The Unshackled, Unwired CIO

May 24, 2017

The drab, plebian-sounding IT department of yesteryears stands mutated into a swanky CIO’s office. In just about a decade, an explosive burst of information and communication technologies has aggressively rewired the infrastructure and connectivity of businesses through the wireless. The CIO has earned the rights to feel like a Superman.

The real trick, however, is that the CIO needs to deliver like Superman too. And that’s where the slips begin showing in most organizations, where the legacy eco-systems clash with the new digital, device-independent systems. The CIO’s first job begins here, and it’s dirty. De-weeding; clearing off the deadwood, realigning business processes to the new information infrastructure, and yet, which stays aligned to a dynamic business strategy – the mandate for the Superman CIO doesn’t make Clark Kent too happy.

The 21st century CIO must have forgotten how to sit. Technologies are changing around her faster than fast, and she has jobs to do to retain the highest degree of convenience, economy and seamless integration into every departmental function at all times. Business processes and departments have become dependent on the CIO to become the torch-bearer of the digital transformation in an organization, spurred on by the inclusion of ownership in the entire technology integration process. The dearth of capable and certified technical staff, however, has played the biggest spoiler in her sprint.

CredRadar analyses of all major global studies on tech-trends in the last two years are revealing. More than 70% of CIOs feel extremely pressured by the need to harness technology for keeping organizations nimble, flexible, agile and highly responsive to market dynamics. Almost an overwhelming 85% of CIOs, however, feel more irritated and concerned about dearth of the capable, trained and certified staffers and tech-talents who can implement their visions. CIOs today are verily the strategic, forward-looking business leaders in their own right - a far cry from the IT infrastructure and security maintenance professionals of yesteryears. In fact, many of them are leading the digital transformation in their organizations, with a massive 83% willing to go the extra mile to invest in new and disruptive technologies to make their organizations more efficient and effective.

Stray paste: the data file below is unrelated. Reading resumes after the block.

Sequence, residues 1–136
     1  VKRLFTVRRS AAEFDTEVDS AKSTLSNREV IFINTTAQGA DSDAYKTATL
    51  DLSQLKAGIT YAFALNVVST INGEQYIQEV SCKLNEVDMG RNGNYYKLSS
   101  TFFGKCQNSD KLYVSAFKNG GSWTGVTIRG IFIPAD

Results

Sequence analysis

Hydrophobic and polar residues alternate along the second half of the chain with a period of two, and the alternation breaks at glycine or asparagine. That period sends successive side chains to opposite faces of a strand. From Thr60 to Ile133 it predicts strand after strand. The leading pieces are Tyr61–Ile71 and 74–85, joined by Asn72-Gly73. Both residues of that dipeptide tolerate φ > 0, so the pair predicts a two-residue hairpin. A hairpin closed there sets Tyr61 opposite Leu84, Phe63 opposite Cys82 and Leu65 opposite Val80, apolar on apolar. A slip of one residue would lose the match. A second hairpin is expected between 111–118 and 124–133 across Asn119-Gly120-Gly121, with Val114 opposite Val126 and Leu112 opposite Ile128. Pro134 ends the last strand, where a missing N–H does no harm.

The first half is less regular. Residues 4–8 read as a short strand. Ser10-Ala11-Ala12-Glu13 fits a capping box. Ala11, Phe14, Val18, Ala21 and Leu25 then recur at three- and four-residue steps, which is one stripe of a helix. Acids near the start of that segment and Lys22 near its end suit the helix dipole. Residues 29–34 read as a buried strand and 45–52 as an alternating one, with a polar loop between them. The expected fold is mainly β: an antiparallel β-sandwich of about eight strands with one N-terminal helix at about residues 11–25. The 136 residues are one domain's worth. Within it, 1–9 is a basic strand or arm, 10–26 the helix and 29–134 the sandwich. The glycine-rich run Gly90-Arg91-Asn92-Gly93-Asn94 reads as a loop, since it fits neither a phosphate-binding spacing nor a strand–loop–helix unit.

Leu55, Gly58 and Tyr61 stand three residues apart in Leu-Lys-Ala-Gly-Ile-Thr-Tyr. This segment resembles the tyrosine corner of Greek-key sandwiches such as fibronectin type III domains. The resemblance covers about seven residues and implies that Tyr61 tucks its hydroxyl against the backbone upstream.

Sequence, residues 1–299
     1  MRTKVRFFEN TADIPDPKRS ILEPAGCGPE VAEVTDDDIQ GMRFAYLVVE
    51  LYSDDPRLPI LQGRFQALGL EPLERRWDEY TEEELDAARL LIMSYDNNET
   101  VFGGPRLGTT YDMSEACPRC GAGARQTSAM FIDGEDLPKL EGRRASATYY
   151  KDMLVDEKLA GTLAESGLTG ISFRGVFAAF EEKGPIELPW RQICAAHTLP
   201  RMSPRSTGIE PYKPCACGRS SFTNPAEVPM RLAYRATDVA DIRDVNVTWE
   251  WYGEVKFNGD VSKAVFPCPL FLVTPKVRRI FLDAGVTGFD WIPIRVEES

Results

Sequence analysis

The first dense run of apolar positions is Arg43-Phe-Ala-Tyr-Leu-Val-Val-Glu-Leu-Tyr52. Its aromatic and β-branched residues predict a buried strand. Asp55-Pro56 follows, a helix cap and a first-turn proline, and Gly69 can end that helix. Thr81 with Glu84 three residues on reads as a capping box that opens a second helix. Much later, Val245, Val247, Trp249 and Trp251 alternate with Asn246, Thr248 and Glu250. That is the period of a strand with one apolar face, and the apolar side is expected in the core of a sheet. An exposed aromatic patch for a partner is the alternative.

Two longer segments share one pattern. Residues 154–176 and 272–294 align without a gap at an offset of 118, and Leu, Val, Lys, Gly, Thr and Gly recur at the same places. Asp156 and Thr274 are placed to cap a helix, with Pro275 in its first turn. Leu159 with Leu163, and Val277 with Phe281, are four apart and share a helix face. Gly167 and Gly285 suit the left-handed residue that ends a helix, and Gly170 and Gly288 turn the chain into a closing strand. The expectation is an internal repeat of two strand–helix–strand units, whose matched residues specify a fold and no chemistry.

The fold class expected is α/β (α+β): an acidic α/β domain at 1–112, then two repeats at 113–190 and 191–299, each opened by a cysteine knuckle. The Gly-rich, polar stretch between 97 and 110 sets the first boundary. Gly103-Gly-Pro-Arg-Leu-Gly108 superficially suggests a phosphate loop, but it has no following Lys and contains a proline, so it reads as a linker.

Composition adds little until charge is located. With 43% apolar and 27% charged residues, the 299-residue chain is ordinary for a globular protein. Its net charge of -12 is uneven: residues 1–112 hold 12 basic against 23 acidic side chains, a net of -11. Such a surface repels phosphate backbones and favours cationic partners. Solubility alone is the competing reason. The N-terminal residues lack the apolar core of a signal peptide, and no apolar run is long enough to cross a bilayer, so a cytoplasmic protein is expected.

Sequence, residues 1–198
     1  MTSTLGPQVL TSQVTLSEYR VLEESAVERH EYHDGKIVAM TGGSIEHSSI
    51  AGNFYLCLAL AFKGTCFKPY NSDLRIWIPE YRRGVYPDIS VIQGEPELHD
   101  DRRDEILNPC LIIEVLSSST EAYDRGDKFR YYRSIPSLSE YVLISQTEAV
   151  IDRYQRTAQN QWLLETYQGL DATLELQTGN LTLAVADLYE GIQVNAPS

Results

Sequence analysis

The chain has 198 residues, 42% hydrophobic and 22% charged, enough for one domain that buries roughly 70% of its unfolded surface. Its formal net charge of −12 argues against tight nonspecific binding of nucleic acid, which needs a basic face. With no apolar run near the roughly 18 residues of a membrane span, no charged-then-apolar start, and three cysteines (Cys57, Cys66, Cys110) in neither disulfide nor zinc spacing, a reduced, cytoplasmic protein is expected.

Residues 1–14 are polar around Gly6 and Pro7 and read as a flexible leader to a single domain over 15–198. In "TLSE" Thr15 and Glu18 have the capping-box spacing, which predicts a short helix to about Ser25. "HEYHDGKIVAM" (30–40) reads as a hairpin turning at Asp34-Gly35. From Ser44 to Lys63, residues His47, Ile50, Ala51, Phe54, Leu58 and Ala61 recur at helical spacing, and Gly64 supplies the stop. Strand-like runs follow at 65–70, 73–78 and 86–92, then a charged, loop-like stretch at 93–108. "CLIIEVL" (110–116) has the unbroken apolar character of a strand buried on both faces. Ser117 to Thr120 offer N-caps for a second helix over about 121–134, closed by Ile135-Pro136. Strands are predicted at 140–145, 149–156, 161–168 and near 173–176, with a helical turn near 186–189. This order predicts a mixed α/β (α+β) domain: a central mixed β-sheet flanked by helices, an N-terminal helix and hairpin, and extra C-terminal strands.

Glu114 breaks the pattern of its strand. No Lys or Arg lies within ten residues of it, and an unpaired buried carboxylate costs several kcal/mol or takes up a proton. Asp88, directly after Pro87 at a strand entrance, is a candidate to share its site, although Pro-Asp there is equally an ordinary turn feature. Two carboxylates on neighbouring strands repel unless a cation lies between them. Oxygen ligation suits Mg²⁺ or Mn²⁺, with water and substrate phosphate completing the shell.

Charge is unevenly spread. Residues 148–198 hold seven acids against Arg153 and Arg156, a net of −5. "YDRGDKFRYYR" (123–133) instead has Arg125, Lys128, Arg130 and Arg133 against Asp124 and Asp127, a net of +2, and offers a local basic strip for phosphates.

Security remains the biggest concern, as it has been with every organization over the years. 3 out of every 4 CIOs surveyed cited the lack of employee awareness as the single biggest block in the transformation process – while 68% of the CIOs were highly concerned over the obsolescence of present technologies and processes that could become legacy systems tomorrow. Adoption of new technologies is key here, and employees are required to pull up their socks and embrace the transformation phenomenon.

CIOs across the world see technology certifications, such as those in Data Analytics, Information Security and Cloud Computing leading the way. 74% of the 400 CIOs surveyed in the report cite skill gaps as the major hurdle in their digital transformation initiatives, with technology certification programs for the employees being the most potent remedy to address this impending threat, the primary reason that high-scale hiring of certified personnel is only rising in double digits, YoY.

Emerging technologies, on the sidelines today, are also expected to go mainstream in the coming years. CIOs worldwide are carefully watching technologies such as IoT (manufacturing and logistics), Robotics (manufacturing), Blockchain (Finance), Artificial Intelligence (almost every function) and Virtual Reality (stakeholder experience- customers, employees) as key trends they would like to adopt, hindered only by the lack of employee participation and the overall lack of proficiency in new disruptive technologies.

Evident from this trend is that more CIOs are turning to certifications to enhance employee skills in digital. They are increasingly encouraging, and sometimes even sponsoring, technology skills certifications in their staff, even as they become close collaborators with business ownership to achieve the strategic vision of the organization.

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